Using unmanned aerial vehicles and wildlife camera trapping for the early assessment of road reclamation effects in Northern Ontario
Master of Science
DisciplineNatural Resources Management
Unmanned aerial vehicles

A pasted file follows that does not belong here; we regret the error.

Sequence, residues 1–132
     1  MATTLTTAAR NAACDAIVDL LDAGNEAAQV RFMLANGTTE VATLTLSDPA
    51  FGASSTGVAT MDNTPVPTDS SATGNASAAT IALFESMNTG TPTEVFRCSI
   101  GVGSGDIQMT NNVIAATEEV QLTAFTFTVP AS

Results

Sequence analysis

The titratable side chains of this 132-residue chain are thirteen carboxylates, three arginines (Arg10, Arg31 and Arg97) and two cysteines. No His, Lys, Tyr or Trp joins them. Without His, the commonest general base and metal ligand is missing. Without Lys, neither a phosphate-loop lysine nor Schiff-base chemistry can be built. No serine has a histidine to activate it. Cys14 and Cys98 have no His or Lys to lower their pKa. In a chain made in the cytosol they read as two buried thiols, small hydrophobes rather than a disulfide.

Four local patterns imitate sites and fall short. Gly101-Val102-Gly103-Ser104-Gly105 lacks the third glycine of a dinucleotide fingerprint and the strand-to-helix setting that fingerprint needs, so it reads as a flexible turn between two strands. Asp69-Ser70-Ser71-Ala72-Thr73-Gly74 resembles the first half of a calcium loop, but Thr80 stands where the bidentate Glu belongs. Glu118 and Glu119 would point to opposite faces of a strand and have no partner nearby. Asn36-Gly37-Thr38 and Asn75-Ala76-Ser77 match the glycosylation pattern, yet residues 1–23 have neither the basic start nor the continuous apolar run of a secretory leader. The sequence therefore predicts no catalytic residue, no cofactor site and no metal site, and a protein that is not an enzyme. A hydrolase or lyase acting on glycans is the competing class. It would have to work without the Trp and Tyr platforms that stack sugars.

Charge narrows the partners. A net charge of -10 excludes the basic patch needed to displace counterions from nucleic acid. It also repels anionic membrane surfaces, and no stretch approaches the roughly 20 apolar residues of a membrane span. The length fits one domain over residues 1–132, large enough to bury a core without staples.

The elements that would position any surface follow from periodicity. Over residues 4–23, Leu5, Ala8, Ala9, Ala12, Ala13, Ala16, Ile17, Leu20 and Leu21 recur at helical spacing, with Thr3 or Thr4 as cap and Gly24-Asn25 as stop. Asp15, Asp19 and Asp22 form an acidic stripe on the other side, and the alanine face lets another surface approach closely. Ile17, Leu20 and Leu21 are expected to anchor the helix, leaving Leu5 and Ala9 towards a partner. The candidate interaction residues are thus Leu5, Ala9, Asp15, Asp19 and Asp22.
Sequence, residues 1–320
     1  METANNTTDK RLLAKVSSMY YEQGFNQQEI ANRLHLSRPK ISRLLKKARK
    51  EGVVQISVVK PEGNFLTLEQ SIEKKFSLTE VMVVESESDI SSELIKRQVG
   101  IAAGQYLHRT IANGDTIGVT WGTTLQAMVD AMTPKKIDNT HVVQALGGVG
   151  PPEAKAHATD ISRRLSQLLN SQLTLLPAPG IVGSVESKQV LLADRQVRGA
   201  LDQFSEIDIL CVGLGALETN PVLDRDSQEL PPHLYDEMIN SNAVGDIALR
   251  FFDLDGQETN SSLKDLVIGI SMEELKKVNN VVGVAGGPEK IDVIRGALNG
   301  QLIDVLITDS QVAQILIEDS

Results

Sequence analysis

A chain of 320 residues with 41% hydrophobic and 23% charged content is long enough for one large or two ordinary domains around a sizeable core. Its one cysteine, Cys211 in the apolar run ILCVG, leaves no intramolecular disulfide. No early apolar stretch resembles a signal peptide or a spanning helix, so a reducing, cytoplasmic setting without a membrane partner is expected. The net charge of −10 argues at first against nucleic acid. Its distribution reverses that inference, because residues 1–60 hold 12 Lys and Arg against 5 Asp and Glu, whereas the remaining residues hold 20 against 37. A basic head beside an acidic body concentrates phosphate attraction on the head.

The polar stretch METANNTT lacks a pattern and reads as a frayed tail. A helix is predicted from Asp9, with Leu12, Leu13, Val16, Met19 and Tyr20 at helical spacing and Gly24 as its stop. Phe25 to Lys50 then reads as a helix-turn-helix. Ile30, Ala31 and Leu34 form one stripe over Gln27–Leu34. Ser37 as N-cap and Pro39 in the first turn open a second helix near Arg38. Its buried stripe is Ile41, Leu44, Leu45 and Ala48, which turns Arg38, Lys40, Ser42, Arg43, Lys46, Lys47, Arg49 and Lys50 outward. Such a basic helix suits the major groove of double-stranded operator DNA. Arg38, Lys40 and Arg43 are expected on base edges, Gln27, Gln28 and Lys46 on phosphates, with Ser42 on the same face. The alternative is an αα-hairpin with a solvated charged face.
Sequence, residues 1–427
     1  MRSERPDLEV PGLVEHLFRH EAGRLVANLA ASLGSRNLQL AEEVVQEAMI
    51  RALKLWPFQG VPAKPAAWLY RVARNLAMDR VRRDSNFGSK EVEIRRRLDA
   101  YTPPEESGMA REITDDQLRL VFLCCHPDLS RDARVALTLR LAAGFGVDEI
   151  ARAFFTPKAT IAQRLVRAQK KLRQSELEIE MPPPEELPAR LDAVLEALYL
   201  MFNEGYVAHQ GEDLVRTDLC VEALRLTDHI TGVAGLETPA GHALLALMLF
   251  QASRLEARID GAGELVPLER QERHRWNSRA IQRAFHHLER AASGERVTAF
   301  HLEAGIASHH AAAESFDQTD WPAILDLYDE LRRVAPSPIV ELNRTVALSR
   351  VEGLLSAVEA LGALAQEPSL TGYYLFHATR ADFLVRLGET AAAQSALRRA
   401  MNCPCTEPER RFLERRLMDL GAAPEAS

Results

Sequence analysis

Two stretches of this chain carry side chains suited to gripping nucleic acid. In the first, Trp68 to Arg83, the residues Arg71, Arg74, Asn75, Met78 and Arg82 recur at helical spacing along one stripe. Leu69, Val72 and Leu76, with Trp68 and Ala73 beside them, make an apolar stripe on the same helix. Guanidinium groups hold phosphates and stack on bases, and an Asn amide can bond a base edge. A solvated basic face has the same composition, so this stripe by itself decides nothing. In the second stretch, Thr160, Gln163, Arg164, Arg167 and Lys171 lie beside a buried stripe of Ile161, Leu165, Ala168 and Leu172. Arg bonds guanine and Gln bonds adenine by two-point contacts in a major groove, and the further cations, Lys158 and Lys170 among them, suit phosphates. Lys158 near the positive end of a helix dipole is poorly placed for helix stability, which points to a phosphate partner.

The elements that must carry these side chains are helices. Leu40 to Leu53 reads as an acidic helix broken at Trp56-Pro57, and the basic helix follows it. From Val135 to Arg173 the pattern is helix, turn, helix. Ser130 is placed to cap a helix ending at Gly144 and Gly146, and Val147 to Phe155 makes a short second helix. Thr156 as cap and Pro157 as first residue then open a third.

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The forest industry has been performing forest road reclamation to regenerate forests after harvest, to maintain wildlife habitat and to limit forest access by the public, all to help maintain large, contiguous wild forests. International forest certification bodies like the Forest Stewardship Council (FSC) and Sustainable Forestry Initiative (SFI) use third-party accreditation to ensure that forest management best practices are followed, wood products are harvested sustainably, and sensitive habitat and wildlife species are protected. To access new resources, previously disturbed areas must be returned to similar, natural forest conditions, which includes the reclamation of access roads. Deactivating access roads inherently creates challenges for monitoring site rejuvenation by removing the very pathways needed to monitor those areas. This study attempted to develop a new method for inexpensive, repeatable, large-scale monitoring and measurement of regenerating forest areas considered inaccessible from the ground. This study was done using off-the-shelf unmanned aerial vehicles, or drones. Recent technological advancements has allowed for the application of random photo sampling methods to orthorectified mosaic tiles derived from drone imagery. The goal was to use automated software, and accurately classify percent vegetation cover (VC) on deactivated logging roads and correlate reclamation ‘success’ to wildlife species presence/absence. Two conventional image classification software packages (ERDAS Imagine and eCognition Developer) were tested to assess VC values on road reclamation treatments with overall orthomosaic classification accuracies reaching 97.86%. The largest influence on road regeneration VC was found to be road ecotype. Lack of significant difference in the photo sampling results suggests the previously applied reclamation efforts in this study area were unsuccessful. The wildlife monitoring efforts found a significant difference in the use of different road treatments and ecosite by species, with active/non-reclaimed roads having the lowest species presence and activity.